Irregular cycles (>35 or <21 days) that continue for more than two years after the onset of menarche are likely to reflect oligo-anovulation. Consideration should be given to age of menarche. Current practice is unclear. It is likely that current practice involves prescription of the oral contraceptive pill without diagnosis of PCOS in adolescents. This recommendation may increase referral for diagnostic testing and specialist care, however the benefits of early diagnosis and prevention of associated complications and infertility are likely to result in significant savings. Focus on lifestyle management, rather than medical management, may be increased.

2. Hyperandrogenism

In women with suspected PCOS, what is the most effective measure to diagnose PCOS related hyperandrogenism?

Recommendations

CLINICAL CONSENSUS RECOMMENDATION
Late-onset congenital adrenal hyperplasia, although rare, needs to be considered, before the diagnosis of polycystic ovary syndrome is confirmed. In more severe clinical cases of hyperandrogenism, 21-hydroxylase deficiency, the most common form of congenital adrenal hyperplasia can be excluded by measuring serum 17-hydroxyprogesterone in the follicular phase to explore this diagnosis.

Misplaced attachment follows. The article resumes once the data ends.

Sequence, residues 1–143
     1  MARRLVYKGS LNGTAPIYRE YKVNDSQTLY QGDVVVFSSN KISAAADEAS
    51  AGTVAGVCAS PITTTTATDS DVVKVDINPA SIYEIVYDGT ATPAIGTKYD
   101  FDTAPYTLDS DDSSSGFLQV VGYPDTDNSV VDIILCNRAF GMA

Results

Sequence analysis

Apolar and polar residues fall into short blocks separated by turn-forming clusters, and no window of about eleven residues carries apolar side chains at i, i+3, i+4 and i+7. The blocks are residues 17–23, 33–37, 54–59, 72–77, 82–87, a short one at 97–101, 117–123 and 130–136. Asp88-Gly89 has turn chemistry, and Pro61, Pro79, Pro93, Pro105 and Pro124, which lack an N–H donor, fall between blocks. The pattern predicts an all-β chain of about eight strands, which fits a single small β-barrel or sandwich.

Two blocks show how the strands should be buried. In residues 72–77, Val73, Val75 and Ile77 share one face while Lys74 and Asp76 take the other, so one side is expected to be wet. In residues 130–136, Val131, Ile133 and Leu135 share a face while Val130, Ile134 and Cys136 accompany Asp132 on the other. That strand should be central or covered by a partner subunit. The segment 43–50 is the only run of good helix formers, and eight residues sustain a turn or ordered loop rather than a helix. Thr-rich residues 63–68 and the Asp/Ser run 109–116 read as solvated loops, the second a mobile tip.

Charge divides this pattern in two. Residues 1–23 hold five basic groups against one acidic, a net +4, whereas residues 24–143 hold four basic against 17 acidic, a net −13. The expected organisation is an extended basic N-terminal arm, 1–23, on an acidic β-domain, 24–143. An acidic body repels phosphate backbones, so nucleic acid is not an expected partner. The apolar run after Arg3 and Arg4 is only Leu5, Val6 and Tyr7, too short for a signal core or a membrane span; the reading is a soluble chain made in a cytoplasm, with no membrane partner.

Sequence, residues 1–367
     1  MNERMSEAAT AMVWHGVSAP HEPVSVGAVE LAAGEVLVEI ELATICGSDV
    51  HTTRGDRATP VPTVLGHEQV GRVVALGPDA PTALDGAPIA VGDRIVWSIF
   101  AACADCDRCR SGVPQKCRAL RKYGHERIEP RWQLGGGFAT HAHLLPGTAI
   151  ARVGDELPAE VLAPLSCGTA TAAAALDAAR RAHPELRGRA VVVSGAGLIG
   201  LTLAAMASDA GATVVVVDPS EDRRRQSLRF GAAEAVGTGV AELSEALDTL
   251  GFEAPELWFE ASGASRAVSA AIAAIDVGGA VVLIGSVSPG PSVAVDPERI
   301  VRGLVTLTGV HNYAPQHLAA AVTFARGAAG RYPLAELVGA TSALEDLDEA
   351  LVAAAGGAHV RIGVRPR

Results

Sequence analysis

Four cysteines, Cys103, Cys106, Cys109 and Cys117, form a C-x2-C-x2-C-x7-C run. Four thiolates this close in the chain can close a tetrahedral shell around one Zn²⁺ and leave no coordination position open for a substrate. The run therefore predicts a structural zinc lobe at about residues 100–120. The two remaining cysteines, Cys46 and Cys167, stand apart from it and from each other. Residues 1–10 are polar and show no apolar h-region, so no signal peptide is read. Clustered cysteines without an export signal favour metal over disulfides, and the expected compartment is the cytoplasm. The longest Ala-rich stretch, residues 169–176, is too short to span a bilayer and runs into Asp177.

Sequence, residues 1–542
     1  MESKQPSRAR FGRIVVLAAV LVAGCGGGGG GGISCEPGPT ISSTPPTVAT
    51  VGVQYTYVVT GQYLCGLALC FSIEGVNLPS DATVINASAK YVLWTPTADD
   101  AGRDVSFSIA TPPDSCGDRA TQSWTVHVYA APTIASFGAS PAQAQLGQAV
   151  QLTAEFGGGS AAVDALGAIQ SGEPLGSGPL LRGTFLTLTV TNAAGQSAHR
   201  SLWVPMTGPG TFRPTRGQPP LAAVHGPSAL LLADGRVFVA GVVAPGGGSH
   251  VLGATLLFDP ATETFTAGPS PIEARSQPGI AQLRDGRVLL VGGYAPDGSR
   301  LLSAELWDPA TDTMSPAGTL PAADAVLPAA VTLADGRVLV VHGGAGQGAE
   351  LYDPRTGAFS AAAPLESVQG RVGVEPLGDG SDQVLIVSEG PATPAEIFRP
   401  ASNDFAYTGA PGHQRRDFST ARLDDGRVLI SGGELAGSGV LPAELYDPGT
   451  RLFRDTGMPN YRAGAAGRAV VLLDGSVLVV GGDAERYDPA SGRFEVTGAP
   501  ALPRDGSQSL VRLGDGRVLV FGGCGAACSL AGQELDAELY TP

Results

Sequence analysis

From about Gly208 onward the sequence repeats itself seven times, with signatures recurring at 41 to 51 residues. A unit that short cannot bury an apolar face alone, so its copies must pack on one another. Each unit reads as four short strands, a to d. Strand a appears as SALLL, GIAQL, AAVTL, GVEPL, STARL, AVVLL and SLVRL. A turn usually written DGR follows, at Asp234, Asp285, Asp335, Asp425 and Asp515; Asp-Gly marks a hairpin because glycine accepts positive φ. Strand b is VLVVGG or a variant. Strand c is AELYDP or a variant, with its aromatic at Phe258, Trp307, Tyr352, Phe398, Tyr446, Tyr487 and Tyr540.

EVIDENCE-BASED RECOMMENDATION
Calculated bioavailable testosterone, calculated free testosterone or free androgen index should be first line investigation for biochemical determination of hyperandrogenism in polycystic ovary syndrome.
The addition of androstenedione and dehydroepiandrosterone sulfate could be second line investigation for biochemical determination of hyperandrogenism in polycystic ovary syndrome.
CLINICAL PRACTICE POINT
It is difficult to assess androgen status in women on the oral contraceptive pill as effects include oestrogen mediated increases in sex hormone-binding globulin and reduction in androgens.
Where the oral contraceptive pill has already been commenced, it should be withdrawn for at least three months before appropriate hormonal assessments for diagnosis of polycystic ovary syndrome are undertaken. Contraception should be otherwise managed during this time.
CLINICAL PRACTICE POINT